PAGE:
A previous post on this blog talked about medical complications that can lead to serious birth injuries if not properly cared for. Indeed, medical errors during pregnancy and childbirth are a very serious type of medical malpractice because they can affect two people, the mom and the baby. Moreover, it is very hard on a family to watch their newborn go through a long, sometimes lifelong, recovery process after a preventable injury.
Preeclampsia is a serious medical condition that can affect New Mexico mothers and, by extension, their unborn children. It is perhaps mis-named somewhat, since the only different between preeclampsia and eclampsia is that a woman with eclampsia may be prone to seizures.
One of the things that a resident of the Albuquerque area probably dreads is seeing the baby that they had been longing for over the months or even years be delivered with a significant birth injury. While in some cases these injuries really are unfortunate accidents, in other cases, they are in fact the result of medical malpractice.
A previous post on this blog talked about Erb's palsy and its causes. To review, this condition, in its most severe forms, can leave a newborn unable to move his or her arm fully for the rest of his or her life, even with corrective surgery and treatment. The biggest problem with this condition, though, is that it can be prevented with the proper care and caution from the baby's labor and delivery team.
This blog has previously discussed the various types of birth injuries parents in the Albuquerque area may have to deal with after labor and delivery. Any type of birth injury is a traumatic affair for New Mexico parents who were probably hoping for and expecting a healthy child at the end of their pregnancy.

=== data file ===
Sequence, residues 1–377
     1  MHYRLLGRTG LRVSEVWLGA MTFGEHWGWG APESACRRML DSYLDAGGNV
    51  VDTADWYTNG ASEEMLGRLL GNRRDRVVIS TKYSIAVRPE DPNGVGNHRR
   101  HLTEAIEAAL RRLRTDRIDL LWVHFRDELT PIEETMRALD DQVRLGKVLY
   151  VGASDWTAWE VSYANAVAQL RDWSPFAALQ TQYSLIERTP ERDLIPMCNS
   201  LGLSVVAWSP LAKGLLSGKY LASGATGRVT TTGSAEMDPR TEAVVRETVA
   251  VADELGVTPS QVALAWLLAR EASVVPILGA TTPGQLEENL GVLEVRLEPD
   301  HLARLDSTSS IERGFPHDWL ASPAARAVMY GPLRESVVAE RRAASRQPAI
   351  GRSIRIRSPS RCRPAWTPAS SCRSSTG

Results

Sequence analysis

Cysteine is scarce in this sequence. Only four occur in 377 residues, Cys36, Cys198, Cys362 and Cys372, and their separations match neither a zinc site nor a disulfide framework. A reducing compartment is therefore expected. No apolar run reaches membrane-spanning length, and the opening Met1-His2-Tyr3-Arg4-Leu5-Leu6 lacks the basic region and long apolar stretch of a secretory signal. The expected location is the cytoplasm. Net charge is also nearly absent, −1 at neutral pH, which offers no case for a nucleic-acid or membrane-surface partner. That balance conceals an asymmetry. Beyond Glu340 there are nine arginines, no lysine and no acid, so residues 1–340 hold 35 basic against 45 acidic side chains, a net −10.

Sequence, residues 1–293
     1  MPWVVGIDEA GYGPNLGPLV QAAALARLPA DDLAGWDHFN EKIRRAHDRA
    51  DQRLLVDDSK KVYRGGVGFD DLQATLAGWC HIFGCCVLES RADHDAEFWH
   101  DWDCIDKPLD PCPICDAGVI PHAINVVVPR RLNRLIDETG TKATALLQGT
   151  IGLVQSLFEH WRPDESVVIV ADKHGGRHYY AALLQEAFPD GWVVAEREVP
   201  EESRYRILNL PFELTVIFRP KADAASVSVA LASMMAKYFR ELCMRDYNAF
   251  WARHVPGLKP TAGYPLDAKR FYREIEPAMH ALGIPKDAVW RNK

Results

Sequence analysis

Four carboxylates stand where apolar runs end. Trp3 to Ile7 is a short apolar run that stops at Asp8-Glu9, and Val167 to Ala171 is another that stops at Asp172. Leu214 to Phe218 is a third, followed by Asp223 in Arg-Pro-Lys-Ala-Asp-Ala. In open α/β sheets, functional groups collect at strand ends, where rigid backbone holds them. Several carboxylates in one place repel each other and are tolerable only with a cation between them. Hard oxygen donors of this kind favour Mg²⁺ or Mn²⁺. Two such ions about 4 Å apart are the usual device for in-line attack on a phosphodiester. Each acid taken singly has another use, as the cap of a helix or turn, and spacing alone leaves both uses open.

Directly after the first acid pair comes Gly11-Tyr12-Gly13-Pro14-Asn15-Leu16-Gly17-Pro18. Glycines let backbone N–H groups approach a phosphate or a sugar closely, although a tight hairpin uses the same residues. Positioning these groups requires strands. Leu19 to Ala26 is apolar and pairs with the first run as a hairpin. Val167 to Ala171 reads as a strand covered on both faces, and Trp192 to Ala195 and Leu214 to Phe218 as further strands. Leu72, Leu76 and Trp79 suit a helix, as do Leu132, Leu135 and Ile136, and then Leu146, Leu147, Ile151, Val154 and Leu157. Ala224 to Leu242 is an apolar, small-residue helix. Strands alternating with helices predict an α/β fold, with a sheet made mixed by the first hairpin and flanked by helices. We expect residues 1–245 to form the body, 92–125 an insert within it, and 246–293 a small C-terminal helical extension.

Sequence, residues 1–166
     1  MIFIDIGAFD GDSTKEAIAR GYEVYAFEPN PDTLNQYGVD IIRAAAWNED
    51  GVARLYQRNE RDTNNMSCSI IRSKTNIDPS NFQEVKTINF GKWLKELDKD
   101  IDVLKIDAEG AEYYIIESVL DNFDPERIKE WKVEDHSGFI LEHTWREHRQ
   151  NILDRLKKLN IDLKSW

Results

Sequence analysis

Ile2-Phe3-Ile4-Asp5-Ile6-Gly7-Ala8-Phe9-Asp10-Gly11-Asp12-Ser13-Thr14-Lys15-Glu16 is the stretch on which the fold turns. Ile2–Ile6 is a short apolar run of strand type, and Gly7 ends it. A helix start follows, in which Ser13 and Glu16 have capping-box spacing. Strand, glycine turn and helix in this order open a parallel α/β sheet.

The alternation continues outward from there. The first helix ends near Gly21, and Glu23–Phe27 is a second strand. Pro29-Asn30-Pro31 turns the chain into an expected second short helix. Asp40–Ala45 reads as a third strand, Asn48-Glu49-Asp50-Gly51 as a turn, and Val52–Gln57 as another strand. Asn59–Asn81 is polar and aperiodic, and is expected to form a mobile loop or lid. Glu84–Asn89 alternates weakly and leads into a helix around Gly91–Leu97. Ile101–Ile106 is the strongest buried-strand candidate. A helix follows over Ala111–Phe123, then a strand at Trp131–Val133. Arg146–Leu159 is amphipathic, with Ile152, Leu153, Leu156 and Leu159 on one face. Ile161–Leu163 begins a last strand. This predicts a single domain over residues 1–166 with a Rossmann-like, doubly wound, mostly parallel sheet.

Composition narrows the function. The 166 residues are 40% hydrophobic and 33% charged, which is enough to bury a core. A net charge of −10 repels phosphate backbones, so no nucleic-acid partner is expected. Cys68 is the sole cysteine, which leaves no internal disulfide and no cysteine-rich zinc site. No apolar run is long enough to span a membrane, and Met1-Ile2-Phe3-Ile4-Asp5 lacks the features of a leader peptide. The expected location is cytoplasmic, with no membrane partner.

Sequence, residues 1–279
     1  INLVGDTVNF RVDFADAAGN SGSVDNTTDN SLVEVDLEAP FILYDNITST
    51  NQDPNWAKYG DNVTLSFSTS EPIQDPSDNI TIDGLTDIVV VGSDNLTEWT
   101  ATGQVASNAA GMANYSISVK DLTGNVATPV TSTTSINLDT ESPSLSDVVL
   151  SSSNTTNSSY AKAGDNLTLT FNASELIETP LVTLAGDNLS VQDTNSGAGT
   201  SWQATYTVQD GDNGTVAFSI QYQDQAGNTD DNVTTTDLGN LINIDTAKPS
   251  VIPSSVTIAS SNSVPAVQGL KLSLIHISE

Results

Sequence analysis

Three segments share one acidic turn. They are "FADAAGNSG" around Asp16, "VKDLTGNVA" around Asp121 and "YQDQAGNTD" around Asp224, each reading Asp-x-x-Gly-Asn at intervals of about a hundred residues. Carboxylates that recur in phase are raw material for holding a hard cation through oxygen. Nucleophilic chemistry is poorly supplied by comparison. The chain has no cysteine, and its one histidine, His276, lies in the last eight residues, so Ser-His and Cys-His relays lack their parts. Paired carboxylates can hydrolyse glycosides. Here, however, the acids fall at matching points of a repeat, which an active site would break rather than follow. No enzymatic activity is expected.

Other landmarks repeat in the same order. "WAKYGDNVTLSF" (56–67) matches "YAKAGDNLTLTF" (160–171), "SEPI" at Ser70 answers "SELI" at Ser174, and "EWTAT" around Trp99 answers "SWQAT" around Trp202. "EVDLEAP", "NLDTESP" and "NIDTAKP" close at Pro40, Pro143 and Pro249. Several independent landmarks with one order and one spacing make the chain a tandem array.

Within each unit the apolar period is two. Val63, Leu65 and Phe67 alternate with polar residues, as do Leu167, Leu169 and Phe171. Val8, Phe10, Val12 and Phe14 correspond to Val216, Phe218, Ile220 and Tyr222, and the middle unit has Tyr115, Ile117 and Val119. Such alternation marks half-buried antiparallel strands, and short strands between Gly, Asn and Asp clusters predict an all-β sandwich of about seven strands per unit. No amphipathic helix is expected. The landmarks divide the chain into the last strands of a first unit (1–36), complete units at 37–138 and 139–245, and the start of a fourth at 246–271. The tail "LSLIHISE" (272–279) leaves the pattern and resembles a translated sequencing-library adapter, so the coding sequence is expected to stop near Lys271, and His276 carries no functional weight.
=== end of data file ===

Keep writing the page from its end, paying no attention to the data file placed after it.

When parents in Albuquerque go in to the hospital in order to have their child, their emotions are probably a mix of excitement and anxiety. They may be overjoyed at the thought of welcoming their child into the world, yet at the same time realize that the process of labor and delivery is a painful experience that can also be dangerous for both the mother and unborn child.
Cerebral palsy is a very serious condition that can leave a child unable to walk or, in milder cases, get around normally for all of his or her life. Although it affects the child's ability to control his or her muscular movements, it is in fact a brain condition that people used to think was caused by oxygen deprivation during the birth process.
If a baby does not receive enough oxygen before, during or after the labor and delivery process then they may suffer from hypoxia. Not every Albuquerque baby born with hypoxia will develop the sometimes serious and life-long complications that this often preventable birth injury can impose, but those who do run the risk of suffering from life-altering conditions. This post will generally discuss some of the factors that may suggest that a baby will suffer from hypoxia as well as possible health issues that may result from a lack of oxygen. This post does not provide any medical or legal advice to its readers and individuals with questions about this topic should consult with the appropriate legal professionals.
For around 40 weeks a New Mexico woman may wait for the birth of her child. While most expectant mothers experience general discomfort and other mild ailments associated with their conditions, some develop serious and, in some cases, life-threatening complications that can jeopardize the safety of both mothers and unborn children. One of those complications is preeclampsia. While preeclampsia cannot be cured before a mother gives birth, it is imperative that her doctor monitor her for the condition and take proactive steps to keep her and her child safe if it becomes an issue.
Shoulder dystocia, Erb's palsy and a host of other birth injuries are often preventable harms that befall newborns due to the negligence of the medical professionals present at the times of their births. Many birth injuries occur when doctors, nurses and other medical professionals fail to properly monitor mothers-to-be and their unborn babies for identifiable conditions that may suggest risks and complications. An unfortunate number of New Mexico families are affected by these tragedies each year.